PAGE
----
This song that in chronology should have halved the film – demarcating Raju’s mundane imbroglio before and his spiritual odyssey after – comes right in the beginning. This is an extra-ordinary directorial conception. It sets the pace and momentum of the film, arouses the audience’s interest that is easily sustained by the rest of the film. I have seen films – deep films – concluding with songs. For instance, Bandini and Abhimaan. But I am not able to re-recall another song that opens the film with so much of impact.
Wahah kaun hai tera musafir jayega kahan ~ SD Burman
The two songs are in a kindred relationship of sorts – both articulating the surging Raju-Rosie love – though with a difference. In the first, it is Raju who offers his hand, commits to a togetherness for a lifetime, points to the inevitability of it: Mere tere dil ka, tai thha ek din milna, jaise bahar aane par, tai hai phool ka khilna… Rosie too is into it yet not clear as to the right and wrong of it, looks a tad tentative, needing a final push. In Gata rahe… the exuberance is mutual, the relationship has peaked and is flourishing.
Tere mere sapne is however a recurring sentiment. Even as Raju breaks from his past post the jail sentence, his commitment to an everlasting togetherness remains etched in his sub-conscious, perhaps a hibernating desire. Raju’s reunion with Rosie in the temple precincts flickers again this sentiment of love, of togetherness despite Raju being the midst of the most difficult battle of his life – Lakh mana le duniya, saath na ye chhootega / Aa ke mere hathon mein / haath na ye chootega . This is directorial brilliance whereby a fine love song acquires a spiritual aura.
Tere mere sapne ~ Mohd Rafi
It is a dance number of about eight minutes. Rosie in blossom; her love for Raju and for her art confluencing. Shailendra has weaved beautiful words and imagery to heighten the impact, And SDB’s music so integrally resonant. Waheeda is stunning both as a beauty and as a dancer.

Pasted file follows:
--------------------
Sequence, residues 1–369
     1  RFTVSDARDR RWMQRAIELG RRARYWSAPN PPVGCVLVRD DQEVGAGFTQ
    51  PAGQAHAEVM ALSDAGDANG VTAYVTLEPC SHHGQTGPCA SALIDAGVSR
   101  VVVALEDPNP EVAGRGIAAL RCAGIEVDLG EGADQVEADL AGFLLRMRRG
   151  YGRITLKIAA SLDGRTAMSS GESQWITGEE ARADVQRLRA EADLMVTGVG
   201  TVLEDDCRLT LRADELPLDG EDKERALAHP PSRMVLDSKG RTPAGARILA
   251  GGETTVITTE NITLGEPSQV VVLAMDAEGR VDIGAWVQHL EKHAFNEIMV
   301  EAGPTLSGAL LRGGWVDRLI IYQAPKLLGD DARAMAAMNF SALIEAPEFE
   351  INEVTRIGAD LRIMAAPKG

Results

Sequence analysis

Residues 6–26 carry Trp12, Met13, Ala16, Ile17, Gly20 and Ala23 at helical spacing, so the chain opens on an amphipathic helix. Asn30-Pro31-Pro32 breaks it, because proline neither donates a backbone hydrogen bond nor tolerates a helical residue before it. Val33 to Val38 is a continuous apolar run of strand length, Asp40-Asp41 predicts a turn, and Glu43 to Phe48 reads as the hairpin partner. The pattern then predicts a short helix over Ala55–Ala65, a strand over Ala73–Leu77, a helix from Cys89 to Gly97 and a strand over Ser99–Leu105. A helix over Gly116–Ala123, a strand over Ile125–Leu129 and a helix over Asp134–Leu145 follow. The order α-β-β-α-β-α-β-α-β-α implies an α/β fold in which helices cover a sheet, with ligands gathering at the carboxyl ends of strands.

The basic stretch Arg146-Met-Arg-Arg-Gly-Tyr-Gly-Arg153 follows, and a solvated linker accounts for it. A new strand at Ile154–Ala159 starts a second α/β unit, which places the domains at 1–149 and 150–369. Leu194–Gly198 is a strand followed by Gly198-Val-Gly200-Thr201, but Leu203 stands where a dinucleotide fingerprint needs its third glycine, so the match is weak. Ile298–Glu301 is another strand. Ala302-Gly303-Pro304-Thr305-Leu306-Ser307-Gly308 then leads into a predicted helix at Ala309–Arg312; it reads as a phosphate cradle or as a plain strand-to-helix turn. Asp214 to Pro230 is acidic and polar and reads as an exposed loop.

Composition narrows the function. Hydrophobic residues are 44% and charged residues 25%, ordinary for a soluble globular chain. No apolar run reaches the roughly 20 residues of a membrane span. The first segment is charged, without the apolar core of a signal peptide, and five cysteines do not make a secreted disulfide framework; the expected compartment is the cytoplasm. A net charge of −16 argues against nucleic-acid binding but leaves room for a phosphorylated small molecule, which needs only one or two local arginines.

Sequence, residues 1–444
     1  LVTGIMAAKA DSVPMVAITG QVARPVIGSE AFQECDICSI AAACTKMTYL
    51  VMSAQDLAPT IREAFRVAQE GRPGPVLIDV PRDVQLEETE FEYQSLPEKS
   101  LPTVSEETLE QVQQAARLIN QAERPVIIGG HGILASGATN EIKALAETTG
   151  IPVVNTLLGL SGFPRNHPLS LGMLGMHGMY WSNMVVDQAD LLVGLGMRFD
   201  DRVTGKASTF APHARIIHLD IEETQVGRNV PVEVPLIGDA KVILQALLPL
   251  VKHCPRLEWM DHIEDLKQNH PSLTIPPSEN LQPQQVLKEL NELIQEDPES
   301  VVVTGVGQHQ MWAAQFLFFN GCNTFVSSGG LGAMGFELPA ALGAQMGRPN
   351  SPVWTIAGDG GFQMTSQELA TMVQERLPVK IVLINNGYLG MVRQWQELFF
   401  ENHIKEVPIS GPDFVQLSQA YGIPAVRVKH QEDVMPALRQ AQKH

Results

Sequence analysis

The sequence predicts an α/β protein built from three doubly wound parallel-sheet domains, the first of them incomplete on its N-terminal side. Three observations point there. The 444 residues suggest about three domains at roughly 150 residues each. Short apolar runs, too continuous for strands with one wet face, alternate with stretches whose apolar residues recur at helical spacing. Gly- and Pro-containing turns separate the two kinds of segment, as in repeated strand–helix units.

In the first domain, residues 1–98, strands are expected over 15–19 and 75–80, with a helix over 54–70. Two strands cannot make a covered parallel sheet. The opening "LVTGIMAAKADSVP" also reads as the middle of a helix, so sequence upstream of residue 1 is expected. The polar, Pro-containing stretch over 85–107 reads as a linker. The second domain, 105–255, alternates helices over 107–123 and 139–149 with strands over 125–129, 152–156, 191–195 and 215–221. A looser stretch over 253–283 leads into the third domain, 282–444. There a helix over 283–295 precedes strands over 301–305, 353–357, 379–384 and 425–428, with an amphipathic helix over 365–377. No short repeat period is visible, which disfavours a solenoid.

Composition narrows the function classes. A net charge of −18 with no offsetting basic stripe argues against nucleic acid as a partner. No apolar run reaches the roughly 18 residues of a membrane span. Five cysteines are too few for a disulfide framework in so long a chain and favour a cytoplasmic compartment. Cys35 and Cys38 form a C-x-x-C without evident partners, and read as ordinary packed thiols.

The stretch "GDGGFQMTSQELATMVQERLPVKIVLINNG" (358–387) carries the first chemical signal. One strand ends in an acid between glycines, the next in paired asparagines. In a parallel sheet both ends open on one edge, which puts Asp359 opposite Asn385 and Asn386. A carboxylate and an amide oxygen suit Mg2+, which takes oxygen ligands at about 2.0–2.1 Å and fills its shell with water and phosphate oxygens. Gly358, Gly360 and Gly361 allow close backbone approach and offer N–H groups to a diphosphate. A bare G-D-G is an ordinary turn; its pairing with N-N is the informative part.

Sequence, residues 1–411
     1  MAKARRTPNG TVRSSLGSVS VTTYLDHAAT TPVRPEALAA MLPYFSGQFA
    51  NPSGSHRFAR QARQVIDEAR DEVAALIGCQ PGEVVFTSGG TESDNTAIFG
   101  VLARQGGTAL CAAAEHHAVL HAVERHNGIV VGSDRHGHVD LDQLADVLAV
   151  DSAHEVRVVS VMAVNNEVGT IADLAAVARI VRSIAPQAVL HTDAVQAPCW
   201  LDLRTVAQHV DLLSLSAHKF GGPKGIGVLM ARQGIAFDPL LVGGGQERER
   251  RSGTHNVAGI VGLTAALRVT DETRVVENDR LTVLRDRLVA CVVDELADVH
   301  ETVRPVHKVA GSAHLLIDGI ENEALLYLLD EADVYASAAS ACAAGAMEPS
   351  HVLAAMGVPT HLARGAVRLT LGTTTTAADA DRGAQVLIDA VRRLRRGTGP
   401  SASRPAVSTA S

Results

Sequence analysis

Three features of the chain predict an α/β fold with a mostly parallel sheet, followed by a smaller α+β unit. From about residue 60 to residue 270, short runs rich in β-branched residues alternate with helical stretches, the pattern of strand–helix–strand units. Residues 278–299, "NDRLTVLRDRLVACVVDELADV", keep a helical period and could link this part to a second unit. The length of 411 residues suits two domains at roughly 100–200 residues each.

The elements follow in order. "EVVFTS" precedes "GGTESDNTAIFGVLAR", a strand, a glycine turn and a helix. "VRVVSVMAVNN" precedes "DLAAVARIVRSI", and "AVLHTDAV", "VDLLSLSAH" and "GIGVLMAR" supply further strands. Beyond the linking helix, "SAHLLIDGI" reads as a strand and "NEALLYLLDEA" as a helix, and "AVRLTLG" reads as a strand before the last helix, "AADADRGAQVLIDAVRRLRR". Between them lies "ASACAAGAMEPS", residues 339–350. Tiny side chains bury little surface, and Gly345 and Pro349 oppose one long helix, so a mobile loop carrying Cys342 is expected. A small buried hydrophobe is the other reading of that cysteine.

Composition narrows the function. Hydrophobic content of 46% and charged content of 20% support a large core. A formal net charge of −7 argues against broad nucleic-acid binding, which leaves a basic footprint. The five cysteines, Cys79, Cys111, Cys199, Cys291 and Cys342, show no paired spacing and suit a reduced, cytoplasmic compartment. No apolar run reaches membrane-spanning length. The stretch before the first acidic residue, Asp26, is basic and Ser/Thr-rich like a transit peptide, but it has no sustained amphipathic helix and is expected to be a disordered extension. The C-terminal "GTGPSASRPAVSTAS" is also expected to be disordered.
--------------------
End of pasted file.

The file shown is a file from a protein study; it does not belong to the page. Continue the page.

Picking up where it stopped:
Piya tose naina laage re ~ Lata Mangeshkar
This is a song that is different from every other song in the film. This is the only one where the actor singing on-screen is not in a rush even as he saunters a little. A sombre Raju in deep yearning for the days just gone by, for the days of intimacy.
The song is brilliantly picturised. The ambiance seems diffused with Raju’s melancholy. Rosie is divided, unsettled, restless, eventually responsive yet diffident. Even Mani – Raju’s assistant – has played his part well. The rains heighten the impact. And Rafi’s nuanced singing is sublime.
Shailendra’s words could not have been simpler yet are deep in impact, bringing out the relational ironies so brilliantly. Just pause at the following:
Aisi hi rimjhim, aisi hi phuharen, aisi hi yeh barsat
khud se juda aur jag se paraye, Hum dono thhe saath
phir se wo sawan ab kyon na aaye
We were not ourselves in a world estranged, yet we were together…
But for me the clincher is:
Dil ke mere paas ho itni, phir bhi ho kitni door
tum mujh se aur main dil se pareshan
dono hain majboor
aise mai kisko kaun manaye
Din dhal jaaye haaye, raat na jaaye ~ Mohd Rafi
A great betrayal. Rosie thinks so. Raju thinks so too. She looks upset. Her persona radiates anger as she dances. She ends up almost calling him names: Saiyan beimaan, haan saiyan beimaan….
Raju is stunned – I did so much for her only to get this betrayal! Her testimony towards Raju’s forgery reduces him to a criminal. She uphold the truths but a truth is of no material consequence either to Rosie or Raju or Marco. Hence the accusation: Bewafa tere pyar mein.
Mose chhal kiye jaaye and Kya se kya ho gaya ~ Lata Mangeshkar and Mohd Rafi
Rama Megh De, Pani De…… Hey Ram Hamare Ramchandra
The two musical narratives encompass the final climactic fifteen minutes of the film. It can be argued that Hey Ramchandra… will not qualify as a song, for it hardly has any lyrics. However, this chanting, almost frenzied, is symptomatic of the spiritual upheaval that Raju is experiencing within at the same time. The sudden cessation, or the inaudibility, of the chanting symbolizes Raju’s release to the larger reality.